The Guinean Minister of Justice announced Friday that a location has been chosen and a provisional budget drafted for the trial of suspects implicated in a violent crackdown on political demonstrators at a Conakry stadium in September 2009.
According to the report of the UN Commission of Inquiry charged with investigating the massacre, at least 156 people were killed or forcibly disappeared and at least 109 women were raped or sexually assaulted by security forces during a rally against then President of Guinea Moussa Dadis Camara. Hundreds of demonstrators were allegedly tortured and more than a thousand injured. The Commission found a reasonable basis to believe that crimes against humanity occurred, writing, “These crimes are part of a widespread and systematic attack launched by the Presidential Guard, the police responsible for combating drug trafficking and organized crime and the militia, among others, against the civilian population.” In addition to former president Camara, multiple high government officials and military officers face potential criminal liability for their roles in the violence. The developments in Guinea are being monitored by prosecutors at the International Criminal Court, where a preliminary examination was opened in the immediate aftermath of the massacre.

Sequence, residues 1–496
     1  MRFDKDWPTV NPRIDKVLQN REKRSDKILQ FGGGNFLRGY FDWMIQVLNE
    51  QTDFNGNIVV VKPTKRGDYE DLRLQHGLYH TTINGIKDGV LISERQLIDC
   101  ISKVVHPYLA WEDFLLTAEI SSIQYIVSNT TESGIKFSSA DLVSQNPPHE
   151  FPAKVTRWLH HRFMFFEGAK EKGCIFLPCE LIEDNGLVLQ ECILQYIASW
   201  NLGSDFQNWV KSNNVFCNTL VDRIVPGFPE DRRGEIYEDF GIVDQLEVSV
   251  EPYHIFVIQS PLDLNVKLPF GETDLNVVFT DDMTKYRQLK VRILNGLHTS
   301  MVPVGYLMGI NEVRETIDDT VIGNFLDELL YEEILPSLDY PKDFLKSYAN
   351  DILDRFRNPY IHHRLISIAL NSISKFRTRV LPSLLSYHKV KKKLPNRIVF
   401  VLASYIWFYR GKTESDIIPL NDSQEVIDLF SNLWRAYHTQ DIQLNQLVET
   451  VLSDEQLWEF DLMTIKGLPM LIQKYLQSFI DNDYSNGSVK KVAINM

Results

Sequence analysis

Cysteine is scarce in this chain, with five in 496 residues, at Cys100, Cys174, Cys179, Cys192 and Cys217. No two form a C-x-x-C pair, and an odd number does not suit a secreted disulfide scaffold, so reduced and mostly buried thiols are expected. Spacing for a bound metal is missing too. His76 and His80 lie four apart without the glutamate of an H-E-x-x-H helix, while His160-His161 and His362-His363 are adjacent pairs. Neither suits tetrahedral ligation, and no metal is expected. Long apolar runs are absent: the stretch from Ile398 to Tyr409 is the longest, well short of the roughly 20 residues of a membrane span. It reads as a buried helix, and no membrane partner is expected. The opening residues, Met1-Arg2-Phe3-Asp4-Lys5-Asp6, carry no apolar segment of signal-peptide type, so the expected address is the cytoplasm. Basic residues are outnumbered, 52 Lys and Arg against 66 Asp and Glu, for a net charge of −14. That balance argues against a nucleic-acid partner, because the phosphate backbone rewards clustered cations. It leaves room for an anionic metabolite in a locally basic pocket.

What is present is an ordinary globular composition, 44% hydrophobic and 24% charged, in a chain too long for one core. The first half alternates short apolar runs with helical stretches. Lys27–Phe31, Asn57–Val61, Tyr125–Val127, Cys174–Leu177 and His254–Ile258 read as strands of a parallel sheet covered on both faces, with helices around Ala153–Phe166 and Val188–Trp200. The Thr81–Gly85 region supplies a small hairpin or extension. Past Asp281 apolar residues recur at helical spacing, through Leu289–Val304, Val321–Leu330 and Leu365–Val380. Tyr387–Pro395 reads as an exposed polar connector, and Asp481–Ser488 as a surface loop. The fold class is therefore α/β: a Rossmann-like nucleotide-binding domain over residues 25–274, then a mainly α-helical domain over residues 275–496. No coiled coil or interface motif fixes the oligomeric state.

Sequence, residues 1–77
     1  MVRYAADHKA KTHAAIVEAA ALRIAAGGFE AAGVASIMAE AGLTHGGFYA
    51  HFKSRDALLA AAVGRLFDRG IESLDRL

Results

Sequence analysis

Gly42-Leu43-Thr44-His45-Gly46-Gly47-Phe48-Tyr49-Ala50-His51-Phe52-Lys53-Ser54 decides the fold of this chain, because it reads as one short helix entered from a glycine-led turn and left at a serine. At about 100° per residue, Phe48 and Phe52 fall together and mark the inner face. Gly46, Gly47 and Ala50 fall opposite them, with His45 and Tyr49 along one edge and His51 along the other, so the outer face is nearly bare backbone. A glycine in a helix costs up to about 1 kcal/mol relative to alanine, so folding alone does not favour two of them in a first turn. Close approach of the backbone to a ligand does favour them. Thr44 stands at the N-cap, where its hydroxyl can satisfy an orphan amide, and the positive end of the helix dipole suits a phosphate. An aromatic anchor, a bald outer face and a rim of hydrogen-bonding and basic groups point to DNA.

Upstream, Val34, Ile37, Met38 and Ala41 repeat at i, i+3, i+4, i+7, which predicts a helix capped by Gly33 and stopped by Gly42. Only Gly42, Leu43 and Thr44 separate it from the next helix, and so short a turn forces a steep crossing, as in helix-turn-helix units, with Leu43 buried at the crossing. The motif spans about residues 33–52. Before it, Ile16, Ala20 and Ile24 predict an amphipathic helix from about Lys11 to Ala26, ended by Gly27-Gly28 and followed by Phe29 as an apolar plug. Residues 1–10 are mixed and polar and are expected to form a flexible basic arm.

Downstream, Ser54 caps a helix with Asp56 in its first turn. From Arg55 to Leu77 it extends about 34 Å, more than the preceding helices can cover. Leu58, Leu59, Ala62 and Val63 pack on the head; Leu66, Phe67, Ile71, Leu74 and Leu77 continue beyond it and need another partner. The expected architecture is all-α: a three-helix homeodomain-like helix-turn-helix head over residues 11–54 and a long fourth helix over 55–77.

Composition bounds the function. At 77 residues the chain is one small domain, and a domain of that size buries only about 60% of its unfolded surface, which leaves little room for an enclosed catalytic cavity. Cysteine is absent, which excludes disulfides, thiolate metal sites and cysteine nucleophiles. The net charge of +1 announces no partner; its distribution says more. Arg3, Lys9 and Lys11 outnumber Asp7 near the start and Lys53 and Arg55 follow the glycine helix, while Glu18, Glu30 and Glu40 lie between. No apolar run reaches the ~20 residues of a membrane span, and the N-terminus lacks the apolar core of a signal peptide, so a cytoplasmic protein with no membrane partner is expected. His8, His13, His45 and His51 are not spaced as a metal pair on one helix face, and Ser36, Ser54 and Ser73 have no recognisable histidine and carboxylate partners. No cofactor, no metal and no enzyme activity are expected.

At a press conference Friday, Guinean Minister of Justice Cheick Sako said the committee responsible for organizing the trial had chosen a movie theater near the capital for the proceedings. The theater will be renovated to improve security and public accessibility. The next step in the planning process is to seek legislative approval of the proposed budget. Guinea is expected to cover 77 percent of the total cost, estimated at more than 8.5 million US dollars. Sako stated that Guinea will request contributions from the international community for the remainder of the funding.